I pointed my finger down my throat, making a gagging motion.

Then, I said, "Dad, there's something I want to say to help you get out of here. I want you to think of three little words."

Mom smiled her sweet smile. Dad looked a bit confused and flustered, not being one much for raw emotion.

"Candy Apple Red."

Sunday, October 08, 2006

Are You Laughing Too Much These Days?

Me, neither. And I'm wondering why. I was looking through some old photographs from my college days. In almost every single one, I'm laughing or have my smile way across my face. My eyes sparkle with mischief and fun; and they are totally me. And those weren't the happiest of days. I was dealing with big issues, plus trying to make enough money to stay in school.

So, I studied those photos to see what it was that made me laugh. Almost every time, I realized, I was spending time with friends. Friends who made me laugh. In one photo, my friend, whose life was complicated and full of strife, too, had given me a jack-in-the-box pop up Snoopy and I'm laughing with my mouth full open (note the teeth, etc.) She found it for a quarter at a rummage sale. I laughed my head off. I popped that thing up until I nearly wore it out. She also gave to me a pearl ring. She knew how much I loved jewelry and didn't have a really nice ring. How I loved that birthday. It was full of joy.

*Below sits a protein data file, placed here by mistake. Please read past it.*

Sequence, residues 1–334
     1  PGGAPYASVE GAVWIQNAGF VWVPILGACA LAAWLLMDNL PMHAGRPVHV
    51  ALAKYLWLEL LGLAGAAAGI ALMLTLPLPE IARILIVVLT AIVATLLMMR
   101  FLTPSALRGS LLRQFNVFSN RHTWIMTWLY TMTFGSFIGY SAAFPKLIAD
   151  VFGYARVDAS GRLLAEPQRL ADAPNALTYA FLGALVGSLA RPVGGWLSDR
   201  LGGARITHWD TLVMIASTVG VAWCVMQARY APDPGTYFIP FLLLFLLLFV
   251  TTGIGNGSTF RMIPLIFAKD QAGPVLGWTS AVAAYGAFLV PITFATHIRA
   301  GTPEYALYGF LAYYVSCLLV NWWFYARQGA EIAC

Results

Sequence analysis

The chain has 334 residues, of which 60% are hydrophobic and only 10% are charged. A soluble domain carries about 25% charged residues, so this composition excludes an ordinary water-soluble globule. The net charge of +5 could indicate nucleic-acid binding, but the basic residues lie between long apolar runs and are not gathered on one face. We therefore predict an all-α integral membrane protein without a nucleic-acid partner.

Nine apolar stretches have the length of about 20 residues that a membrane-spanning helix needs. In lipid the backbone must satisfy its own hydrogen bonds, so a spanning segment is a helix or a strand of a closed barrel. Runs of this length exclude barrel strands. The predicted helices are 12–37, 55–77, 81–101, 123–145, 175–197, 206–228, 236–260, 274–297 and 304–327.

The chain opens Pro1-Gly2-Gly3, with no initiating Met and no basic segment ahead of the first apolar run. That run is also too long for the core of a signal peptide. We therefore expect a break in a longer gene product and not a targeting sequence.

With that thought in mind as I look for things I want to write about, I realized that I want joy to be my success.

To laugh often,
To win the affection of children,
to earn the appreciation of honest critics
and endure the betrayal of false friends.
To appreciate beauty,
to find the best in others,
to leave the world a bit better
whether by a healthy child,
a garden patch...
to know even one life has breathed easier
because you have lived,
This is to have succeeded.
--Attributed to Ralph Waldo Emerson

It's my thought for today. One I'm going to take to heart.

Friday, October 06, 2006

It's Friday--And Boy, Am I Seeing Flies in My Soup!

I'm having one of those days. I spent the morning throwing in loads of laundry while trying to do some writing. The towels are fluffy, but the writing is going to have to start all over again. Ick. A mess.